This Response was prepared after researching publicly accessible information currently available to the Research Directorate within time constraints. This Response is not, and does not purport to be, conclusive as to the merit of any particular claim for refugee protection. Please find below the list of sources consulted in researching this Information Request.
Chance for Children Foundation (CFCF), European Roma Rights Centre (ERRC), Foundation for the Women of Hungary (MONA), Hungarian Association for Persons with Intellectual Disability (ÉFOÉSZ), Hungarian Civil Liberties Union (HCLU), Hungarian Helsinki Committee (HHC), Legal Defence Bureau for National and Ethnic Minorities (NEKI), Minority Rights Group International (MRG), People Opposing Patriarchy (PATENT), The City is for All (AVM). November 2010. Hungary - Submission to the UN Universal Periodic Review. 11th Session of the UPR Working Group of the Human Rights Council. [Accessed 24 Aug. 2011]
Hungary. 19 September 2011. Correspondence from the Parliamentary Commissioner for the Rights of National and Ethnic Minorities to the Research Directorate.
_____. 16 February 2011. National Report Submitted in Accordance with Paragraph 15 (a) of the Annex to Human Rights Council Resolution 5/1: Hungary. [Accessed 1 Sept. 2011]
_____. N.d. Zsófia Tóth. Office of Justice. Domestic Violence - Legal Background and Support System in Hungary. European Seminar on Domestic Violence, Paris, 24-26 November 2010. (European Organisation for Probation, CEP) [Accessed 22 Aug. 2011]
Le Journal francophone de Budapest (JFB) [Budapest]. 15 July 2011. Gwenaëlle Thomas. "Des dispositifs contrastés." [Accessed 19 Sept. 2011]
MONA Foundation for the Women of Hungary. 21 September 2011. Correspondence from a representative to the Research Directorate.
_____. N.d. "Goals." [Accessed 22 Sept. 2011]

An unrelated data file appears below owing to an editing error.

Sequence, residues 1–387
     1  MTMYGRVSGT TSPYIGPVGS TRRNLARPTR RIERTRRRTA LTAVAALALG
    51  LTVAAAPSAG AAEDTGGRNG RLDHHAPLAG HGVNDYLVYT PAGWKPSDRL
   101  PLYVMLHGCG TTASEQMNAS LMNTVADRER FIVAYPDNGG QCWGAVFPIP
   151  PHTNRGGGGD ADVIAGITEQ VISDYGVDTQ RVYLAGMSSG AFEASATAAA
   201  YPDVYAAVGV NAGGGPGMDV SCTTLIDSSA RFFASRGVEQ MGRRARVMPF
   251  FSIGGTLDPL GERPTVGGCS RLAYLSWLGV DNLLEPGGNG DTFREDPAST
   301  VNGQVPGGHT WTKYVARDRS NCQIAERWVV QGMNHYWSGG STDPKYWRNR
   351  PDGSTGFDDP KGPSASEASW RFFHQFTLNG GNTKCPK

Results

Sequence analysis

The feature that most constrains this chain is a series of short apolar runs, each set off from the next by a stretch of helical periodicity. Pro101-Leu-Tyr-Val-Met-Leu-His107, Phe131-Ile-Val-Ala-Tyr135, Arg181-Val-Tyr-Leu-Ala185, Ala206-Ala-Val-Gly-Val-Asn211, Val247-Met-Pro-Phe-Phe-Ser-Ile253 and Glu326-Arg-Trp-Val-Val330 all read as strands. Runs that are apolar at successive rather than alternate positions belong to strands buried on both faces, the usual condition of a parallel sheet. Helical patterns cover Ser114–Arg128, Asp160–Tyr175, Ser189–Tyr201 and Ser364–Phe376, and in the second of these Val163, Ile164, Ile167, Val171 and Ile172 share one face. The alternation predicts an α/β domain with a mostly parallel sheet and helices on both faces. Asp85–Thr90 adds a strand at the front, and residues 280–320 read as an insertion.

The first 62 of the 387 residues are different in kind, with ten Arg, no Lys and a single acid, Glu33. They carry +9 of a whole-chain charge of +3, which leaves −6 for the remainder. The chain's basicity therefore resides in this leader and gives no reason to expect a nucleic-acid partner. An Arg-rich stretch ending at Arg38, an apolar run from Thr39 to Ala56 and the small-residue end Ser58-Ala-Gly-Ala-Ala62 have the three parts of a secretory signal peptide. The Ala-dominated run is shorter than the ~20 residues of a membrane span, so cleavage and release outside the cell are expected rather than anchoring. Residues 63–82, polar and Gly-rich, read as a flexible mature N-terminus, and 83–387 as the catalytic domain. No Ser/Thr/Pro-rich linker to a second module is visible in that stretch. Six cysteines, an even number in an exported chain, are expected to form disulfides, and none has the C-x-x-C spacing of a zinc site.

NANE Women's Rights Association and PATENT Association. N.d.a. Advocating for the Rights of Domestic Abuse Victims: Final Report, 2009 to 2010. [Accessed 22 Sept. 2011]
_____. N.d.b. "About NANE." [Accessed 16 Sept. 2011]
United States (US). 8 April 2011. Department of State. "Hungary." Country Reports on Human Rights Practices for 2010. [Accessed 22 Aug. 2011]
XE.com. 11 October 2011. "Currency Converter Widget." [Accessed 11 Oct. 2011]
Additional Sources Consulted
Oral sources: Representatives from the European Roma Rights Centre, the European Union Agency for Fundamental Rights, the Hungarian Foundation for Self-Reliance, the Hungarian Helsinki Committee, the Phralipe Independent Roma Organization, and the Romedia Foundation were unable to provide information for this Response.
The following organizations did not reply within the time constraints of this Response: Central Office of Justice Victim Support Services of Hungary, European Roma Information Office, Fraternal Association of European Roma Law Enforcement Officers, Hungarian Civil Liberties Union, Hungarian Roma Parliament, International Police Association, Legal Defence Bureau for National and Ethnic Minorities, Ministry of Interior, NANE Women's Rights Association, National Police Headquarters, National Roma Self-Government, Open Society Foundations, and Organization for Security and Co-operation in Europe Office for Democratic Institutions and Human Rights.
Internet sites, including: Amnesty International; Budapest Business Journal; Budapest Sun; Budapest Times; Council of Europe; EIN News; European Country of Origin Information Network; European Union European Commission; Heti Világgazdaság; Hungary - Ministry of the Interior, Ministry of Justice, National Police Headquarters, Parliamentary Commissioner for Civil Rights; Inside Hungary; Legal Defence Bureau for National and Ethnic Minorities; MTI Econews; Organization for Security and Co-operation in Europe; United Nations - Entity for Gender Equality and the Empowerment of Women, Integrated Regional Information Networks, Refworld, Secretary General's Database on Violence against Women; Women's International League for Peaceand Freedom.
Hungary. 2009. Act LXXII of 2009 Concerning Restraining Orders Applicable Because of Violence Between Related Persons. Translated by the Translation Bureau, Public Works and Government Services Canada. (Harvard University) [Accessed 31 Aug. 2011]